• Your river cruise vessel is essentially a floating hotel. This is a big difference from ocean cruising where your ship is a destination in and of itself. Your highlights are the ports of call and excursions on land; all enjoyed comfortably via mobile accommodations!
  • Cabin types: be sure to carefully compare the different cabin choices aboard your vessel and enlist an experienced travel professional to help you make the best choice. Some travelers are perfectly happy to have a smaller cabin on a lower deck without a balcony in order to save money and splurge elsewhere like excursions and pre & post cruise extensions. However, many travelers absolutely relish the extra space and ability to get fresh air and gorgeous cruising views from the comfort of their own stateroom.
  • A notable trend in river cruising recently has been more active and experiential options for cruisers. Most cruise lines are offering bicycling, hiking, canoeing, fitness classes, more spa amenities and experiences like wine tasting and cooking. If you're interested in staying active on your cruise and having some unique and enriching experiences, be sure to ask your travel consultant about what is available!
River cruising is a fabulous way to see Europe and I hope this information has helped you understand more about this unique product. Choosing the right cruise line, itinerary, and stateroom maximizes your experience and travel investment dividend. Managing expectations and understanding that sometimes you must 'go with the flow' when traveling sets you up to have the vacation of a lifetime!

Thanks for reading! HAPPY CRUISING!
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<![CDATA[Travel Prep & Packing Tips!]]>Thu, 16 May 2019 20:09:33 GMThttp://esteemjourneys.com/blog/europe-travel-prep-packing-tipsTraveling soon? This post was originally written for traveling to Europe but most of this can be applied to worldwide travel! Packing and planning can get a little overwhelming but don't worry because here are some great tips, lists and packing advice! Here is a handy checklist too, CLICK HERE!

Packing Tips!
  • Check weather and pack accordingly! Some resources: www.weather.com has great info and you can look at the next 10 days of weather and month averages. Or, simply google “average weather Athens” or wherever you're going! If you're traveling to more than one destination be sure to check each place as weather can vary from place to place.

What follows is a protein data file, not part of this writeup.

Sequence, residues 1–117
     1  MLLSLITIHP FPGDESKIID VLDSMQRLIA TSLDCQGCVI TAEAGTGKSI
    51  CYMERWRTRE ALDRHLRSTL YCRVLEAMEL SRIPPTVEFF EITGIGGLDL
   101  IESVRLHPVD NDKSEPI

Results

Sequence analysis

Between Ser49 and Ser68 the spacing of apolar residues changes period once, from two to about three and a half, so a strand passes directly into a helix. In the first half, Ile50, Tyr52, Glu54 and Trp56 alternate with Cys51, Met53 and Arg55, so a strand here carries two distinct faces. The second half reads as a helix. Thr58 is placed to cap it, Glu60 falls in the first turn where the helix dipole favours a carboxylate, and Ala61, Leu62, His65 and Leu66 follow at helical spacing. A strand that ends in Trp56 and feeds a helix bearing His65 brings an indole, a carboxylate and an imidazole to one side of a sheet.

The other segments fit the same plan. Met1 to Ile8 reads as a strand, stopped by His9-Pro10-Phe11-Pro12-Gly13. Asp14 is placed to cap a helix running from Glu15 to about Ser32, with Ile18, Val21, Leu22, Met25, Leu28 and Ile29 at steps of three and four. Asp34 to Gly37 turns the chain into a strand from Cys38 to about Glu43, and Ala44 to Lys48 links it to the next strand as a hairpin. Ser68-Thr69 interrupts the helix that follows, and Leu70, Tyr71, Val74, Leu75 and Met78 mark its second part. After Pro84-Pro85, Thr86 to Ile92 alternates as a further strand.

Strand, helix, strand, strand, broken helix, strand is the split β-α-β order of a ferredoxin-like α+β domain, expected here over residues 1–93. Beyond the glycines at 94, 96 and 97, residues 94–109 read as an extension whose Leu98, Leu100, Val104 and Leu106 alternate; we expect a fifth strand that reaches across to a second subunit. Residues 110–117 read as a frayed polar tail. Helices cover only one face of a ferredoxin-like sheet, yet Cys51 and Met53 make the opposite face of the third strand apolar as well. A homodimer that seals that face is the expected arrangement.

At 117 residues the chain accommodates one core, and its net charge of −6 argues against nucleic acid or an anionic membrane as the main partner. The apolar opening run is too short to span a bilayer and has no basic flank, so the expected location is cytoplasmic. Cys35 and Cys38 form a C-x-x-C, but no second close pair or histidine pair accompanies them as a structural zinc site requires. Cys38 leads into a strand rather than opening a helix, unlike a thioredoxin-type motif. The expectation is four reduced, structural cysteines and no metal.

• Think of the various activities you might participate in and pack accordingly: city sightseeing (comfy shoes), exercise, beach or pool, hiking, nice dinners or theater, etc.
  • I always suggest layers, layers and more layers! Even if the weather will be hot, the air conditioning on coaches and in restaurants can be chilly so a light sweater or shawl can be a lifesaver! Almost anywhere you go, rain can be a possibility. I always recommend bringing a light rain jacket or umbrella. Rain does NOT have to ruin the enjoyment of a destination and your experience!
  • Outfits: I recommend one weeks worth of tops maximum even if you're traveling for more than a week. Plan to wear every top twice if traveling for two weeks. Jeans, shorts, skirts, trousers, capris: bring 3-5 pairs and plan to wear them multiple times. Bring a small container of laundry soap to do a few items in places you're staying more than one night (hang dry in your hotel room). Keep in mind that if you're in humid areas it takes longer to dry so plan accordingly!
  • Have some clothes you are not crazy about or are kind of old and maybe could be worn just once more? Bring them, wear them once, and toss them! This makes room for all the stuff you're going to buy! Great idea also for old undies and socks! 
Some things you might not have though of to pack:
  • Reusable shopping bag: great for picnic lunches or use as a laundry bag or wrap souvenirs
  • Plastic bags for dirty shoes, leaky toiletries, and zip lock bags for snacks
  • Portable corkscrew
  • Dryer sheets keep your clothes smelling fresh!
  • Over-the-counter medications: probiotics (GREAT preventative for belly upsets), antacids, diarrhea medication, pain killers, motion sickness pills and cold medication in case you catch something. Being sick on a trip is NO FUN and not all countries have the same over-the-counter medications as the US!
  • Reusable water bottle – fill up where there is filtered or bottled water!
  • Flip-flops – great for pool side and walking around your hotel
  • Always pack essential items and one change of clothes in your carry-on in case bags get lost (God forbid!). Passport, credit cards, all medications, cell phone, laptop, chargers, change of clothes (at least undergarments and a top), camera, and basic toiletries.
Money tips for traveling to Europe:
For cash you can bring US dollars and exchange at a money exchange office OR bring local currency from your bank. However, the most convenient option (and best exchange rates) is to bring a debit card and take out cash from ATM machines at your destination. Usually you will find an ATM machine at the airport when you arrive or right near your first hotel. Some people prefer to have a little bit of local currency prior to arrival but please note that most European airport money exchange counters are notorious for having horrendous exchange rates. When you use your debit card to withdraw cash from the ATM there will be fees (usually 1-2% for international transactions plus outside bank ATM fees, check with your bank). Even with the fees, the exchange rates are so good that it ends up being a better deal than exchanging money at a bank or a money exchange office. Try to estimate how much money you'll need for a few days, perhaps withdraw $100-$200 each time. You do not want to be carrying too much cash at one time but you do want to minimize the number of ATM withdrawals so you don't end up with a lot of fees. Always bring at least two cards and keep them in separate places in case you lose one. Credit cards are great too for larger purchases like shopping, excursions and nice dinners. Make sure your cards have chip technology. Be sure to know what is expected as far as tipping and gratuities on your trip. IMPORTANT!!! PLEASE BE AWARE OF THE ATM MACHINES YOU USE AND PAY ATTENTION TO THE EXCHANGE RATE - THIS IS LEGITIMATE: